Homo sapiens click on links in clunky, non-personalized phish mails. They just do. We’ve seen research suggesting a small percentage are simply wired to click during their online interactions. Until recently, the “why” behind most people’s clicking behaviors remained something of a mystery. We now have more of an answer to this question based on findings from German academics. Warning:  IT security people will not find their conclusions very comforting.

Attention Marketers: High Click-Through Rates!

According to research by Zinaida Benenson and her colleagues, the reasons for clicking on phish bait are based on an overall curiosity factor, and then secondarily, on content that connects in some way to the victim.

The research group used the following email template in the experiment, and sent it to over 1200 students at two different universities:


The New Year’s Eve party was awesome! Here are the pictures:

http://<IP address>/photocloud/page.php?h=<participant ID>

But please don’t share them with people who have not been there!

See you next time!

<sender’s first name>

The message, by the way, was blasted out during the first week of January.

Anybody want to guess what was the overall click-through rate for this spammy message?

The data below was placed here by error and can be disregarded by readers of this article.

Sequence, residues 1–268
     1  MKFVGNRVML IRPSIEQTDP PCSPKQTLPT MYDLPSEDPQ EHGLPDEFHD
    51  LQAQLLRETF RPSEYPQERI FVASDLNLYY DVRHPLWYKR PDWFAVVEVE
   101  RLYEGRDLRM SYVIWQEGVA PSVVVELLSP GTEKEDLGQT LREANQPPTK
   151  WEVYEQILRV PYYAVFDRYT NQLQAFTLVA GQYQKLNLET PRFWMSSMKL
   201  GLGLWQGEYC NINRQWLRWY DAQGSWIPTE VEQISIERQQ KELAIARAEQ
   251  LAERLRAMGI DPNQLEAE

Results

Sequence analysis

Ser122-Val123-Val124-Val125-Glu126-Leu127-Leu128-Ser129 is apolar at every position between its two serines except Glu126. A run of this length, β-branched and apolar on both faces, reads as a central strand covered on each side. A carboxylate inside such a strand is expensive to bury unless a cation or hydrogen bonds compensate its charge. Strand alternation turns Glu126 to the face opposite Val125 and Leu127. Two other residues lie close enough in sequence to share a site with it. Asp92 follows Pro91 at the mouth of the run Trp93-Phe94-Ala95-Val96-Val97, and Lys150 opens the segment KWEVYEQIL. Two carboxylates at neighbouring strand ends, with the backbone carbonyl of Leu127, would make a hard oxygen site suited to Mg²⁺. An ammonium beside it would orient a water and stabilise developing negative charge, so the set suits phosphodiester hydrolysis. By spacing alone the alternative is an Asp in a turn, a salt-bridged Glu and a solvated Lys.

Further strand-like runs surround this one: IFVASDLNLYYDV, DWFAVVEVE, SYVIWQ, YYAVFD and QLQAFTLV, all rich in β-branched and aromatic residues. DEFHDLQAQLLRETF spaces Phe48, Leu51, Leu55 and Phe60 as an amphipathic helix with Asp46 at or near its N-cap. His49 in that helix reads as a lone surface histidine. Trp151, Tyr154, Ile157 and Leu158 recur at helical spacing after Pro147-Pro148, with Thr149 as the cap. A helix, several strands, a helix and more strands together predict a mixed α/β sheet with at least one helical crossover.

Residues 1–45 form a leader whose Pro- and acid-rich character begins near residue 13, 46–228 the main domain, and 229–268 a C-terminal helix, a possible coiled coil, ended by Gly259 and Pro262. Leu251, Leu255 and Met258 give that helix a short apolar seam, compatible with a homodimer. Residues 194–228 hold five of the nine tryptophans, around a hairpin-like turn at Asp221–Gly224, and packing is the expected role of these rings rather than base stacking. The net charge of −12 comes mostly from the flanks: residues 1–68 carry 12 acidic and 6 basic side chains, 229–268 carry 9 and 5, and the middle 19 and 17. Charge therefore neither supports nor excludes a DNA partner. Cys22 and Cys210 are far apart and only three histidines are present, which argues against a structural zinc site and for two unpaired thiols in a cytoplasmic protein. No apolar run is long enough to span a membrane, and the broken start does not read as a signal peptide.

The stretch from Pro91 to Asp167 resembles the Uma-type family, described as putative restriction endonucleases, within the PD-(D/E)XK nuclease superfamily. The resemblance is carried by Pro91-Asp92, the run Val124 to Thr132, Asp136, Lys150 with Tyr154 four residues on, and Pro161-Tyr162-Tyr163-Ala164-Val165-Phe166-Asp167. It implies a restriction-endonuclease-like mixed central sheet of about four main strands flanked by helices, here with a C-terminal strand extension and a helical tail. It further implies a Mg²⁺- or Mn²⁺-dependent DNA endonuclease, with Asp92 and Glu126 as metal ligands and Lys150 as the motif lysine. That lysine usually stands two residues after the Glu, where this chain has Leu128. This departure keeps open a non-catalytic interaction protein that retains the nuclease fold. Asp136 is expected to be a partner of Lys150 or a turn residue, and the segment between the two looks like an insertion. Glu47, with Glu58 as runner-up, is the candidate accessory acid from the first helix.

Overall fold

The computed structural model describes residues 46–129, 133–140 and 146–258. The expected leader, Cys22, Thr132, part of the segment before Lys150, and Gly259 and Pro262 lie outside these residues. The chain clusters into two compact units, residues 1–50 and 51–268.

A blazing 25%.

Marketers everywhere are officially jealous of this awesome metric.

Anyway, the German researchers followed up with survey questions to find the motivations behind these click-aholics.

Of those who responded to the survey, 34% said they were curious about the party pictures linked to in the mail, another 27% said the message fits the time of year, and another 16% said they thought they knew the sender based on just the first name.

To paraphrase one of those cat memes, “Humans is EZ to fool!”

The clever German researchers conducted a classic cover-story design in their experiment. They enlisted students to ostensibly participate in a study on Internet habits and offered online shopping vouchers as an incentive. Nothing was mentioned about phish mails being sent to them.

And yes, after the real study on phishing was completed, the student subjects were told the reason for the research, the results, and given a good stern warning about not clicking on silly phish mail links.

Benenson also gave a talk on her research at last year’s Black Hat. It’s well-worth your time.

Phishing: The Ugly Truth

At the IOS blog, we’ve also been writing about phishing and have been following the relevant research. In short: we can’t say we’re surprised by the findings of the German team, especially as it relates to clicking on links to pictures.

The German study seems to confirm our own intuitions: people at corporate at jobs are bored and are finding cheap thrills by gazing into the private lives of strangers.

Ok, you can’t change human nature, etc.